Be careful who you follow on Facebook – some people think they’re helping others to heal but they’re only keeping them in pain – for their own unconscious reasons. I’m sure he means well, but he has no self-insight to why he needs to make these memes and the contents he includes within.

    I love the book ‘The Language of Letting Go’ by Melody Beattie and recommend it as your partner for day to day healing. Let it guide you every day.

    1. Kim Saeed


      Thank you for your lovely comment. I hope others see it.

      I believe I may know to whom you’re referring in regards to the Facebook page. And yes…the truth of the matter is that people who have discovered their partner is a narcissist often get stuck in the discovery and denial phase, and that’s why many blogs and forums never move past that phase – because it means more traffic, unfortunately. I have noticed a sharp drop in my own traffic because I don’t write about narcissists that much anymore, but about healing. That actually makes me happy because people need somewhere to go when they’re ready to heal…and this site will be here waiting for them. There are many others, as well.

      At any rate, I also love “The Language of Letting Go”. It’s here on my bookshelf 🙂

      Thanks again for your input!


  9. Erin

    I have two very “loyal ” abusers .. they buthe won’t leave me alone .. I have one OFP on one and the other I’m married to . Thank god I don’t live with either . Or I honestly think I would have died from the stress .. I’m trying nicely to do the no canotwct ., for years .. my health and looks have site taken a down ward turn . I’ve tried it all ! Nothing seems to work ., I would re locate but I have family here .. 3 teenagers and a good job.

  10. Belle

    Thank you, Kim! I’ve made it, barely at times, two years after a sudden and shocking departure of my husband. This experience has left me with so much pain and reading your blog has truly saved my sanity. I am at the point that I know all I need to about narcissism and I have got to focus on letting go of what happened and the pain. The deep depression of staying connected to it is a miserable life. Thank you for the reminder that we need to focus on healing once we comprehend what narcissism is and realize narcissist can never change.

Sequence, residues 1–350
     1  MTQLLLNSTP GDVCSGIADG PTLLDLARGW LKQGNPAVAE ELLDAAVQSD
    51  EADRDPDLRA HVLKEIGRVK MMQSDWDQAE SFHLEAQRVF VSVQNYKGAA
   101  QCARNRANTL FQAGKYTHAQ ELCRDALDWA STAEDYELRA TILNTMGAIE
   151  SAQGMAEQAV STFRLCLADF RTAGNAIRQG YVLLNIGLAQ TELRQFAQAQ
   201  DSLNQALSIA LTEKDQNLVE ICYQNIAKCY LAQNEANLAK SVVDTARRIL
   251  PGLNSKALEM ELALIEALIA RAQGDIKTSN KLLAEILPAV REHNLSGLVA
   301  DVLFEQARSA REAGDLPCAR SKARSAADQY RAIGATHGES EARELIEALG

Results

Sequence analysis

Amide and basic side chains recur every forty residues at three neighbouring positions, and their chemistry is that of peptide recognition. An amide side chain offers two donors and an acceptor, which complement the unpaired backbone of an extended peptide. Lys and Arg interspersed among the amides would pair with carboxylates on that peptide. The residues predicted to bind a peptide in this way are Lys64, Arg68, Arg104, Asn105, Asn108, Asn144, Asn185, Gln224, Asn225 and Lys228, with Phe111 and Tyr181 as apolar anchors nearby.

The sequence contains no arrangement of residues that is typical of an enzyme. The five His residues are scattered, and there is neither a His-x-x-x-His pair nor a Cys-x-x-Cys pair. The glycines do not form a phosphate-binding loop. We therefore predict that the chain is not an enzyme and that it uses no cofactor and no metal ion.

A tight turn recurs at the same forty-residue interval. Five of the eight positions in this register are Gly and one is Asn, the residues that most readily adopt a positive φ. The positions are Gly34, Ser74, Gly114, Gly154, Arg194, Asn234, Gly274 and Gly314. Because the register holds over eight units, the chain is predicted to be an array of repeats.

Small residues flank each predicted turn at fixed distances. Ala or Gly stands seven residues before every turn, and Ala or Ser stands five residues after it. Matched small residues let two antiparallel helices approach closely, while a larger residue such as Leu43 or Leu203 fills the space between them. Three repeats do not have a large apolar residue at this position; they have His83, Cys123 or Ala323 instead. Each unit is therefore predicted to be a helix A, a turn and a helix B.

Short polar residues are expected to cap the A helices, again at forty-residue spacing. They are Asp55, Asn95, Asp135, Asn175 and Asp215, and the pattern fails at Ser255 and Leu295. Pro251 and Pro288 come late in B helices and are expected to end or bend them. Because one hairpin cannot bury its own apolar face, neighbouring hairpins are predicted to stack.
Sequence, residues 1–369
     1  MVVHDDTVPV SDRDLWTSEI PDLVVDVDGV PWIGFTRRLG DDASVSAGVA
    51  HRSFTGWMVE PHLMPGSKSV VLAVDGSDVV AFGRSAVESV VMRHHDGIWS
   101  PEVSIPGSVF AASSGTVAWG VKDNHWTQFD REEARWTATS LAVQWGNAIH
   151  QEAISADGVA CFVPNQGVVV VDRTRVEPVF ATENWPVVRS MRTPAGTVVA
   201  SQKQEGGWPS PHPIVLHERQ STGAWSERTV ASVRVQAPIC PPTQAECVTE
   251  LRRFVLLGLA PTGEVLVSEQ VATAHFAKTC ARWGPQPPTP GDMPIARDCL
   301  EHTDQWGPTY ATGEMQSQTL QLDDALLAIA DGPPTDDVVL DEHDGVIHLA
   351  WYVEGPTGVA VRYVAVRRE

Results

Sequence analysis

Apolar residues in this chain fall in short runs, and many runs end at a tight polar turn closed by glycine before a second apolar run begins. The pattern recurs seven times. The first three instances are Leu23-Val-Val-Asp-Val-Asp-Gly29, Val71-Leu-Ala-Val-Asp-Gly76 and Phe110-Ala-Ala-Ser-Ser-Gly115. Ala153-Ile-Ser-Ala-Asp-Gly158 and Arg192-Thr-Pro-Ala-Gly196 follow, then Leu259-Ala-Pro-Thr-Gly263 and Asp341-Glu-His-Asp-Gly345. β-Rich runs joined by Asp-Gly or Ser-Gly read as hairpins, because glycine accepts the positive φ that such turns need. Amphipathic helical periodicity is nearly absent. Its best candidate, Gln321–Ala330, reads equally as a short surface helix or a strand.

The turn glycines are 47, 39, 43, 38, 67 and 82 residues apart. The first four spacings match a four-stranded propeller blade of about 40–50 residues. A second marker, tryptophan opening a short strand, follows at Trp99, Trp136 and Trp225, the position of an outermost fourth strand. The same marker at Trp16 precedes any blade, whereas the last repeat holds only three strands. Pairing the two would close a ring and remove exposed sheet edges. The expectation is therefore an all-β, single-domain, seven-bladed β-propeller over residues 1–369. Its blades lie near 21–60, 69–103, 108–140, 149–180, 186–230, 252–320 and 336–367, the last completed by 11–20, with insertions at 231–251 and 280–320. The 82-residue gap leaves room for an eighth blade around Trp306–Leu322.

1. Kim Saeed

      Hi Belle! Thank you for sharing your experience and I’m sorry for your struggles. Stick around because I am bringing in a wonderful colleague in my business who can help with releasing emotional trauma and self-defeating patterns. In the meantime, I hope you’ve been able to check out my “Beginner’s Healing Toolkit”. It’s free, and you can sign up here if you’d like.



  11. I’m glad that you didn’t deny ego abuse as many women, yes women, who are life coaches etc are apparently being trained this way! I agree that learning to recognize ego narcissistic abuse, is empowering and will help keep you from getting controlled by it in the future. Healing takes time and is individual, however a brief NLP type exchange, hypnotics, is not going to do anything more than cover up and impead true healing strength in my opinion.

  12. Irene

    Thanks for this post, Kim. I’ve found that when I’m lost in the “it’s so awful, I’ll never recover” that making my gratitude list (called “Why I am grateful anyway”) helps to get out of my own self-abusive attitude and focus on the blessings that have come to me in spite of whatever happened before (his behavior or mine).

    1. Kim Saeed

      Lovely insight, Irene. Thank you for commenting.



  13. Victor E

    Hi Kim,

    Awesome article! I have seen this truth in my life. We need to learn to move on and have faith that we can continue to grow!



    1. Kim Saeed

      Thank you for your kind praise, Victor! Wishing you continued success in your recovery!



    1. Kim Saeed

      Thank you for commenting, Mandy. It’s wonderful to have you as part of the Let Me Reach tribe.